As I gathered up my stuff before exiting the examining room I saw this sign above the table. I apologize for the fuzziness.
What a good reminder for impatient patients, eh? Stop for a moment to consider why the doctor might be keeping you waiting. Some day, that person who needs extra time could be you. True dat.
And yet . . .
The doctor and admin staff might not know in advance which patients require management of a potentially life-threatening issue: The chest pain that walked through the door this morning might be heartburn or a heart attack in process.
But they do know which patients routinely require extra assistance: the elderly, the disabled, and the folks who just usually do. They also know which patients have a newly diagnosed terminal condition — or even merely a serious condition — and who might, therefore, be reasonably expected to need counselling time.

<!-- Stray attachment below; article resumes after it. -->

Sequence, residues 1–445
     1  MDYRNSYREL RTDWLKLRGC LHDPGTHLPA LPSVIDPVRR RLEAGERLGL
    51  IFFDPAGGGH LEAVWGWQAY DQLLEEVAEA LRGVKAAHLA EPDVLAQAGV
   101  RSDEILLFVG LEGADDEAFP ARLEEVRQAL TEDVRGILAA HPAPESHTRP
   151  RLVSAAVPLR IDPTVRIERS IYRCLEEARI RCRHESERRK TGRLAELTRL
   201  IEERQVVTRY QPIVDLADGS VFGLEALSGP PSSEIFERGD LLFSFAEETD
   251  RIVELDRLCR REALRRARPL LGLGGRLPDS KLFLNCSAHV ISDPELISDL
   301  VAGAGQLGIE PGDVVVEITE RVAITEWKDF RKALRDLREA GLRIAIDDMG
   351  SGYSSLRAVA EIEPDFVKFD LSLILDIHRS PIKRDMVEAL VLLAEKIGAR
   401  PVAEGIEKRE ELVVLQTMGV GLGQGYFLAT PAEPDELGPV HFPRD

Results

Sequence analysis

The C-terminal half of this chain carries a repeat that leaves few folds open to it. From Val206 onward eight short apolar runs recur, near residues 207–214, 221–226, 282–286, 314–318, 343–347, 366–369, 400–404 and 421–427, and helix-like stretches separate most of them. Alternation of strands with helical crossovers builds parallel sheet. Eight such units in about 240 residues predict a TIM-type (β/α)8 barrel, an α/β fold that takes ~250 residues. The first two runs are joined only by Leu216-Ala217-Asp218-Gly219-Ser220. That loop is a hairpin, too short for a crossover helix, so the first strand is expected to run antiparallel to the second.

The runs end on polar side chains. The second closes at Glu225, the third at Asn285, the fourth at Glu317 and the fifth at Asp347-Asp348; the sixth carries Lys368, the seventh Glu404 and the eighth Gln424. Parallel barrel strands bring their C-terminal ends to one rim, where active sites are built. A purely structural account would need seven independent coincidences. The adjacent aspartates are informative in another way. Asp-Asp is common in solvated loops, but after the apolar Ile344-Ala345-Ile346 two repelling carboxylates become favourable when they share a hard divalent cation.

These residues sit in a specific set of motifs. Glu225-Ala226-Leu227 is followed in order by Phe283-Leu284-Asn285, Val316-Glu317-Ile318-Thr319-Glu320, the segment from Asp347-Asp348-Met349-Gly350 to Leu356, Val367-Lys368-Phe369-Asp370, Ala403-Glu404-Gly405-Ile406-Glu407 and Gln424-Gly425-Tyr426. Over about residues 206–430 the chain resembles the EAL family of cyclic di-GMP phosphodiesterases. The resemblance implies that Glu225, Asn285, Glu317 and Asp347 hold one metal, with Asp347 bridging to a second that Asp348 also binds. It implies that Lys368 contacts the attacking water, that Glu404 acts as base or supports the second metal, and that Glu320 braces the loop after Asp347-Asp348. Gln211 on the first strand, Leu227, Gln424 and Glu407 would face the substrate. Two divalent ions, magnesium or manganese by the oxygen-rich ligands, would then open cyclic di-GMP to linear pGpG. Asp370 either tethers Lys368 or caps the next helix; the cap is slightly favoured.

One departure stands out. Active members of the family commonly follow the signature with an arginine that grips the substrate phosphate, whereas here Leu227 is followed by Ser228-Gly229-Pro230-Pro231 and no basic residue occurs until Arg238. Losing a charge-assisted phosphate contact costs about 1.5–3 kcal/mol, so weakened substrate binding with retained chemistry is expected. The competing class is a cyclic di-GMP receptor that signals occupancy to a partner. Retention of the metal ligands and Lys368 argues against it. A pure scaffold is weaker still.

This is another both-can-be-true situation. Patients should be, well, patient. And doctors should respect their patients’ time by not over-scheduling. By making some appointments longer, because they need to be, and by building some slack into their day to handle the unexpected.
Is that unfair, asking doctors to forego revenue by scheduling less than they can do if all goes well? Maybe. Maybe just as unfair as asking me and every other paid-by-the-hour worker to consistently wait for a doctor.